The Government, in its response to the Committee’s Report on the Bill, said that it would be providing non-statutory guidance for schools “and this will make clear that exceptions under theBill do not override rights of non-discrimination under the Human Rights Act.”  The Guidance does not, however, with one exception, say anything at all about the right not to be discriminated against under Article 14 ECHR, let alone make clear that the statutory exceptions in the Equality Act do not override rights of non-discrimination under the Human Rights Act.

The one exception is the specific exemption for the provision of home to school transport, inrespect of which the Part 2 Guidance explains at LEAs are not exempt by the Equality Act provision from their Human Rights Act obligations. Those obligations are the subject of separate guidance contain in Home to School Travel and Transport Guidance, issued in May 2007 (seePart 5, dealing with “Religion or Belief’). 

The Committee is concerned that this omission from the guidance gives rise to a risk that in practice the exemptions in the Equality Act will lead to breaches of the Article 14 right of pupils not to be discriminated against in the enjoyment of Convention rights, as the Committee feared when it scrutinised Part 2 of the Equality Act itself. 

1. Please explain why the Government has not kept its undertaking to make clear in this Guidance that the exceptions under the Equality Act Part 2 do not override rights of nondiscriminationunder the HRA. 

2. Is other guidance in preparation which will fill this gap?

School Admissions Code 

The Committee is considering whether the provisions of the Admissions Code and the EqualityAct which permit schools to prefer one applicant for admission over another on grounds of their religion are compatible with Article 14 ECHR in conjunction with the right to education in Article 2 Protocol 1. To be compatible with Article 14, differential treatment on grounds of religion must have an objective and reasonable justification: it must have a legitimate aim and there must be a reasonable relationship of proportionality between the means employed and theaim sought to be achieved.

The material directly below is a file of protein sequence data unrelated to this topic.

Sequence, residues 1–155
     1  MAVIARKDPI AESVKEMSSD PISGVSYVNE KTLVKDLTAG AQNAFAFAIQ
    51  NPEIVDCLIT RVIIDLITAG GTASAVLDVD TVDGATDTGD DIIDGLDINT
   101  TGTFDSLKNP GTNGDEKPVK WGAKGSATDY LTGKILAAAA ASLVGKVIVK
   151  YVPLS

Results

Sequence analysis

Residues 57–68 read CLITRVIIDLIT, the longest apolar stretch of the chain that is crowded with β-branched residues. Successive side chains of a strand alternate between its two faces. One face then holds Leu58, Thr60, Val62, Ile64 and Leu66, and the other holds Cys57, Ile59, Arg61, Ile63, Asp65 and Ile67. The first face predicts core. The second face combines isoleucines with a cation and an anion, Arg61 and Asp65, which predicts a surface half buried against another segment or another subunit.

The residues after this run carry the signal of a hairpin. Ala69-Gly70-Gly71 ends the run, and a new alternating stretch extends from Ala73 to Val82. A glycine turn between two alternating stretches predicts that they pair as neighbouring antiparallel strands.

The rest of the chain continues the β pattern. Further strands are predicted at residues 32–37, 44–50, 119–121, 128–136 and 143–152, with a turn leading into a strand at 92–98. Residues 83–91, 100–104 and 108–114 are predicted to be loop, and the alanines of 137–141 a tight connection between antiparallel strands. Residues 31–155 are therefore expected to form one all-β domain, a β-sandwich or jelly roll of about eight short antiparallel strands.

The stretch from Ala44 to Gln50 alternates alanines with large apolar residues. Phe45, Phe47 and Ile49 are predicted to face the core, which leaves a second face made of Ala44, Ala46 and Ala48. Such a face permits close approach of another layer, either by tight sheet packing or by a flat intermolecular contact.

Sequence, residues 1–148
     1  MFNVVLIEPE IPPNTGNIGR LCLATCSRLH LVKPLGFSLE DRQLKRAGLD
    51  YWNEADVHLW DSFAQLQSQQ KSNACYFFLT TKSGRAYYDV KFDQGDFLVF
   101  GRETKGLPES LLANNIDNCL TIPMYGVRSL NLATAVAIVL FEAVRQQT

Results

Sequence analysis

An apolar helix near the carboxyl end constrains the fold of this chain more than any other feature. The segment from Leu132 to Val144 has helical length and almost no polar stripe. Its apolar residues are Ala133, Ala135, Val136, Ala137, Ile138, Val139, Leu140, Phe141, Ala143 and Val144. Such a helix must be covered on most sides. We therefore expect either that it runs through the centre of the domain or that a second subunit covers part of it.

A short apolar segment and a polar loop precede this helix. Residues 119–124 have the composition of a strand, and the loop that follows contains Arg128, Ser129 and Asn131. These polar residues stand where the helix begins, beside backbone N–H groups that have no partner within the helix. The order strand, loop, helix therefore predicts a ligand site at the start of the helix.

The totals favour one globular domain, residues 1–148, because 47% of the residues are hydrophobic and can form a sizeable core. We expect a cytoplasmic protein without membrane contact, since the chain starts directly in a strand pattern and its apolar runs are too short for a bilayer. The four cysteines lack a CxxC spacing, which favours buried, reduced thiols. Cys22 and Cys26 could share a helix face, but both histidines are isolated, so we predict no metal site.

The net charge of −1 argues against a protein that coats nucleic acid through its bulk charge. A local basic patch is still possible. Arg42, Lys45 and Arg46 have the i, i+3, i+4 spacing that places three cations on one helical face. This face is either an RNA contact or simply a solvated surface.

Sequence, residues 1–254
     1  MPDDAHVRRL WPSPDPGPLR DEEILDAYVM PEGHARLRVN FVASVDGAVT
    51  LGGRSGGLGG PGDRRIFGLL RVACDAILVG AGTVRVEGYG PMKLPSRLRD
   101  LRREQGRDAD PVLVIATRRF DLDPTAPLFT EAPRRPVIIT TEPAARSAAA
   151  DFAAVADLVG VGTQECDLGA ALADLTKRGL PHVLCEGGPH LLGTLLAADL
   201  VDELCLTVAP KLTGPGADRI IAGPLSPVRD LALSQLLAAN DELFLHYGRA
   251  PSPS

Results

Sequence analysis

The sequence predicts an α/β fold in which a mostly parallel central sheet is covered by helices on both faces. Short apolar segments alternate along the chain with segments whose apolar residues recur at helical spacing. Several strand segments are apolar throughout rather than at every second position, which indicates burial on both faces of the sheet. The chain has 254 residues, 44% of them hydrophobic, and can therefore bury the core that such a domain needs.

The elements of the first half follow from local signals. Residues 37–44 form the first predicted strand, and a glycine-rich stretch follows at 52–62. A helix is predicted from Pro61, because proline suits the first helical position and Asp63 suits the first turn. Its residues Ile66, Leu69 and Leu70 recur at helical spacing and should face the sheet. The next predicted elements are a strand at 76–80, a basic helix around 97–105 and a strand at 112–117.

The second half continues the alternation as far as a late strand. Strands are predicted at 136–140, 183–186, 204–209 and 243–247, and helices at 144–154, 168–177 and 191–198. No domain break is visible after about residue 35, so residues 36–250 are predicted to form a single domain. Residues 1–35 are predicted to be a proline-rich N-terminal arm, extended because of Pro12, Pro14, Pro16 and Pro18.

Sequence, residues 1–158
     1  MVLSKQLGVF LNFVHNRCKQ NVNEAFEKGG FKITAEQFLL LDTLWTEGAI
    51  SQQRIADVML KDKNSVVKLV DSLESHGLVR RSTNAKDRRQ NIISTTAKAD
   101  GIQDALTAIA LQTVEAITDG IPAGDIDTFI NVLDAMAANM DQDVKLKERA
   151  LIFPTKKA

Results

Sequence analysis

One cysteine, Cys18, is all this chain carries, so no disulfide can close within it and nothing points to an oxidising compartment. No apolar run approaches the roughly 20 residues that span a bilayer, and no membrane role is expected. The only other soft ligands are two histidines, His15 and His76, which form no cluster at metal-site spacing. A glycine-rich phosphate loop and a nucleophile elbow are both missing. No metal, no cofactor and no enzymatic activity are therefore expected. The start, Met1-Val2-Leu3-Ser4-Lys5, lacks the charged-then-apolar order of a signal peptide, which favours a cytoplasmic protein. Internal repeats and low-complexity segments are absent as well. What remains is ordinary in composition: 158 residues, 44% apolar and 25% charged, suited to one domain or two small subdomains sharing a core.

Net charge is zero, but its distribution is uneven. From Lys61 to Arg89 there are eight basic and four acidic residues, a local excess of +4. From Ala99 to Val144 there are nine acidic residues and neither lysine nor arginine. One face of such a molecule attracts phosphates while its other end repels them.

The Committee is therefore considering whether the justifications offered by the Government for treating applicants for admission to schools differently on grounds of their religion amount to an objective and reasonable justification for such differential treatment. One of the justifications offered by your predecessor, in his letter of 20 April 2007, is that allowing schools to treat applicants differently on grounds of their religion helps to secure a“plurality of provision” which satisfies parental demand for schools with a particular faith ethos.He acknowledged in his letter that “not all faith schools choose to give priority for admission to children of their own faith.” 

3. Please provide more information about which faith schools do not give priority for admission to children of their own faith. 

4. Please provide the evidence on which the Government bases its position that the plurality of provision will be undermined if faith schools are not allowed to give priority to faith applicants. 

Your predecessor also relied on the fact that local authorities have a duty to ensure that all children of compulsory school age have access to education and powers to support them in meeting that duty, e.g. powers to direct the admission of a child to any school if they cannot otherwise secure a school place within a reasonable distance of their home.

5. How often is the statutory power to direct admission in fact used by LEAs? 

6. What measures do you take to ensure that faith -based criteria do not operate in practice

in a way that discriminates directly or indirectly on racial grounds? 

I would be grateful for your response by 21 September 2007. 

Andrew Dismore MP

Chair, Joint Committee on Human Rights”